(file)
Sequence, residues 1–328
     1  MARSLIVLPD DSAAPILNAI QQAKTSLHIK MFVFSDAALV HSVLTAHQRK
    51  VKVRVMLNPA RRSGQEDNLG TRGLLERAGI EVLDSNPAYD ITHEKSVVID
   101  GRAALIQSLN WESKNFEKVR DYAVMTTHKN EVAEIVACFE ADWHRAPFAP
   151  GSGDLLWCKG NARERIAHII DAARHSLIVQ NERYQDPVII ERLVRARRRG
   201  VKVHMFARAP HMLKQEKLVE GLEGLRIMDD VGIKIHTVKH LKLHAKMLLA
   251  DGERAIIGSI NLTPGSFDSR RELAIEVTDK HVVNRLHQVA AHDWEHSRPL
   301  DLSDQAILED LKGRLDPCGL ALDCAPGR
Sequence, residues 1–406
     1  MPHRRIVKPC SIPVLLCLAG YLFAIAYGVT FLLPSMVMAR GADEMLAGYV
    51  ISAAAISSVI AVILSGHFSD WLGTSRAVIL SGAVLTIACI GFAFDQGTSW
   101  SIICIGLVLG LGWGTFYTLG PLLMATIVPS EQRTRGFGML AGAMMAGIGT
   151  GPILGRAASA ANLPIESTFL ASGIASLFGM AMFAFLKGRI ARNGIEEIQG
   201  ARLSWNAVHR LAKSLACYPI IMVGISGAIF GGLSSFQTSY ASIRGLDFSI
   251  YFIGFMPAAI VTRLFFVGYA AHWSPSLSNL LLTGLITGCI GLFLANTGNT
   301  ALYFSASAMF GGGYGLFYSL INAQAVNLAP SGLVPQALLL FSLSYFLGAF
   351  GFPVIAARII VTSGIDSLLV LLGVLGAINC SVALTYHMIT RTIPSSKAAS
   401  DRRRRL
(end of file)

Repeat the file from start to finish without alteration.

Sequence, residues 1–328
     1  MARSLIVLPD DSAAPILNAI QQAKTSLHIK MFVFSDAALV HSVLTAHQRK
    51  VKVRVMLNPA RRSGQEDNLG TRGLLERAGI EVLDSNPAYD ITHEKSVVID
   101  GRAALIQSLN WESKNFEKVR DYAVMTTHKN EVAEIVACFE ADWHRAPFAP
   151  GSGDLLWCKG NARERIAHII DAARHSLIVQ NERYQDPVII ERLVRARRRG
   201  VKVHMFARAP HMLKQEKLVE GLEGLRIMDD VGIKIHTVKH LKLHAKMLLA
   251  DGERAIIGSI NLTPGSFDSR RELAIEVTDK HVVNRLHQVA AHDWEHSRPL
   301  DLSDQAILED LKGRLDPCGL ALDCAPGR
Sequence, residues 1–406
     1  MPHRRIVKPC SIPVLLCLAG YLFAIAYGVT FLLPSMVMAR GADEMLAGYV
    51  ISAAAISSVI AVILSGHFSD WLGTSRAVIL SGAVLTIACI GFAFDQGTSW
   101  SIICIGLVLG LGWGTFYTLG PLLMATIVPS EQRTRGFGML AGAMMAGIGT
   151  GPILGRAASA ANLPIESTFL ASGIASLFGM AMFAFLKGRI ARNGIEEIQG
   201  ARLSWNAVHR LAKSLACYPI IMVGISGAIF GGLSSFQTSY ASIRGLDFSI
   251  YFIGFMPAAI VTRLFFVGYA AHWSPSLSNL LLTGLITGCI GLFLANTGNT
   301  ALYFSASAMF GGGYGLFYSL INAQAVNLAP SGLVPQALLL FSLSYFLGAF
   351  GFPVIAARII VTSGIDSLLV LLGVLGAINC SVALTYHMIT RTIPSSKAAS
   401  DRRRRL